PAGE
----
## Project Euler 288: An enormous factorial

#### Problem Description

For any prime `p` the number N(`p`,`q`) is defined by

N(`p`,`q`) = ∑_{n=0 to q} T_{n}*`p`^{n}

with T_{n} generated by the following random number generator:

S_{0} = 290797

S_{n+1} = S_{n}^{2} mod 50515093

T_{n} = S_{n} mod `p`

Let Nfac(`p`,`q`) be the factorial of N(`p`,`q`).

Let NF(`p`,`q`) be the number of factors `p` in Nfac(`p`,`q`).

You are given that NF(3,10000) mod 3^{20}=624955285.

Find NF(61,10^{7}) mod 61^{10}

#### Project Euler 288 Solution

Runs < 5 seconds in Python 2.7.Use this link to get the Project Euler 288 Solution Python 2.7 source.

#### Answer

Slowly swipe from either end beginning with the white vertical bar to get an idea of the starting or ending digits. For less drama, just double click the answer area. The distance between the two bars will give you an idea of the magnitude. Touch devices can tap and hold the center of the box between the two bars and choose*define*to reveal the answer.

|605857431263981935|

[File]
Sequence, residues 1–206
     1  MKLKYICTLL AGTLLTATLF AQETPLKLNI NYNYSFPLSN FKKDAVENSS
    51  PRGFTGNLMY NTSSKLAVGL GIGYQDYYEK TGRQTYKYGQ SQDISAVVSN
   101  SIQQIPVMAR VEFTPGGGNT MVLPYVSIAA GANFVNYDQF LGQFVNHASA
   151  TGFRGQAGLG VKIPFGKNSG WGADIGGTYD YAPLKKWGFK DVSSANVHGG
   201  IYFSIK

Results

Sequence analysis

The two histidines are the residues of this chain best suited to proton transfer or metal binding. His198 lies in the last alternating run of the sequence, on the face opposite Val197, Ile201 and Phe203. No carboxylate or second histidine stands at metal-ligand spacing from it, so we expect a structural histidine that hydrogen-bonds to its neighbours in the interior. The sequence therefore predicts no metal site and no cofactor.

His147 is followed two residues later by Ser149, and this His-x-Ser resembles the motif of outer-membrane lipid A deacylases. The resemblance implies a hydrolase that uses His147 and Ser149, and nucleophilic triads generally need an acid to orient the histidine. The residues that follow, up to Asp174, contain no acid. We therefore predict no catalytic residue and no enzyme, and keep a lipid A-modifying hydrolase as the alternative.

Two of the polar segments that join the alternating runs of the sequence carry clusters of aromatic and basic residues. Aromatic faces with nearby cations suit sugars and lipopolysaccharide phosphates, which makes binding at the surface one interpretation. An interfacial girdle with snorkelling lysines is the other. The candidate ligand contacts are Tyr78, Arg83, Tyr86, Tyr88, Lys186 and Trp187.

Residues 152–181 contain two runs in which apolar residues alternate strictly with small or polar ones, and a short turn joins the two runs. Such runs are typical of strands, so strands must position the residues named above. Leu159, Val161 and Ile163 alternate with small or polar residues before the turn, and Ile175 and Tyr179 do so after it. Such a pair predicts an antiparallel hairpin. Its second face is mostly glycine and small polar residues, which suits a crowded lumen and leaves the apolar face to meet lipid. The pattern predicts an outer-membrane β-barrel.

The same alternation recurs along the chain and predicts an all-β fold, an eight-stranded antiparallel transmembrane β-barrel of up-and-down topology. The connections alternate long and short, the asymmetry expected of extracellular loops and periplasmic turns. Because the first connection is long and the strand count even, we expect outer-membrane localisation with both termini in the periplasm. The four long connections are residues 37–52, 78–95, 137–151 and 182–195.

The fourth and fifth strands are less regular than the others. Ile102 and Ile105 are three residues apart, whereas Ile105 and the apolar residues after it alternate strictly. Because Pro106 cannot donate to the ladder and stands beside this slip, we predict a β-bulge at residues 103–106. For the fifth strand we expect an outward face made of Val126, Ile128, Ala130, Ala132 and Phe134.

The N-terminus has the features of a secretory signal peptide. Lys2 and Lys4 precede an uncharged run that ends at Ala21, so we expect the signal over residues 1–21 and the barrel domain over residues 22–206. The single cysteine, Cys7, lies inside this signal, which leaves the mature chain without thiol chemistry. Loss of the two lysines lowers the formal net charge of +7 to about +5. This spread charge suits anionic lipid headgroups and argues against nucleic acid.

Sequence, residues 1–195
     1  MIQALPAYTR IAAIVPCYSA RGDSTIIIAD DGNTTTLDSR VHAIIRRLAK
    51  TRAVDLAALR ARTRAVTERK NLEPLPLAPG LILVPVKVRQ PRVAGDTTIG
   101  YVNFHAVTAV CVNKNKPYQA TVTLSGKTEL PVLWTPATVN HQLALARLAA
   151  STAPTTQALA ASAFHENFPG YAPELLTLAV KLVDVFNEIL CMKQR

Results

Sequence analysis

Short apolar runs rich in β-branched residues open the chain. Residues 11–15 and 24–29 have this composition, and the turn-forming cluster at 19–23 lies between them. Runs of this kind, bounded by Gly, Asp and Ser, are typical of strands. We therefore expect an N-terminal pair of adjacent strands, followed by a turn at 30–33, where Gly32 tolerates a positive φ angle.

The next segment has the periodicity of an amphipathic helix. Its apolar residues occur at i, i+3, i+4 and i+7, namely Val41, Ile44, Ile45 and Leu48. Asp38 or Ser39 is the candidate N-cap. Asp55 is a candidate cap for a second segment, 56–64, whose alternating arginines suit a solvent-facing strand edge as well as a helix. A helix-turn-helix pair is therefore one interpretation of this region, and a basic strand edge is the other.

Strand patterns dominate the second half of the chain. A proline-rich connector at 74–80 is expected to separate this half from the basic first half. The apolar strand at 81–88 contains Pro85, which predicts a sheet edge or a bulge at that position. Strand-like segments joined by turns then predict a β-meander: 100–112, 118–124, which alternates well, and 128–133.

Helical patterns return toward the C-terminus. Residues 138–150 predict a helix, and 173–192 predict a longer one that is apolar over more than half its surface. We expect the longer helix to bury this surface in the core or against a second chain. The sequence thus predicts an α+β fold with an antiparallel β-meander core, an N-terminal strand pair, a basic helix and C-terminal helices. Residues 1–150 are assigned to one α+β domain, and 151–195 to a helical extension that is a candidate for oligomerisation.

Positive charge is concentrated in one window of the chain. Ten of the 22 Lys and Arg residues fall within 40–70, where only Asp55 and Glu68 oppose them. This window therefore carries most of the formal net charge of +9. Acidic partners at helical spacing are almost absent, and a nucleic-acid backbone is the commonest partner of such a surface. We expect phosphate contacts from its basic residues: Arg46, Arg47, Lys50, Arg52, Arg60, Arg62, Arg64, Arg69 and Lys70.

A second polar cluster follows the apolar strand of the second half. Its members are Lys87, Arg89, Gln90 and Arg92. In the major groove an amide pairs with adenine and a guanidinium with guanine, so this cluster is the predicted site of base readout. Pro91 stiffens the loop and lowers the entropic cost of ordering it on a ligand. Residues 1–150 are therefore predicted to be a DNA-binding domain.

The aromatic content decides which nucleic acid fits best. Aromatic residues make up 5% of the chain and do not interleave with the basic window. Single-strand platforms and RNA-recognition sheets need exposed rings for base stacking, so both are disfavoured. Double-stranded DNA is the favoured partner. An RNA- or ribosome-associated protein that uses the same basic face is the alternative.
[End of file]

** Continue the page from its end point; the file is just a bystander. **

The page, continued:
#### Afterthoughts

- The Trinket above will run the problem’s smaller example in a few seconds. The larger problem would take the Trinket too long to run.

*Project Euler 288 Solution last updated*

In addition to my previous comment…

I can’t seem to gather why there’s “z” for N < n and p**n… for the rest. Could anybody enlighten me?

This program could be cleaned up a bit to make it easier to understand.

The intention is to use z as often as required to prevent the expensive calculation as doing so would slow down the program considerably.

So, since the answer is mod 61

^{10}we only need to calculate 61^{0}+61^{1}+61^{2}+…+61^{9}then use precalculated z for the rest.Why “[…] if N < n […]" ???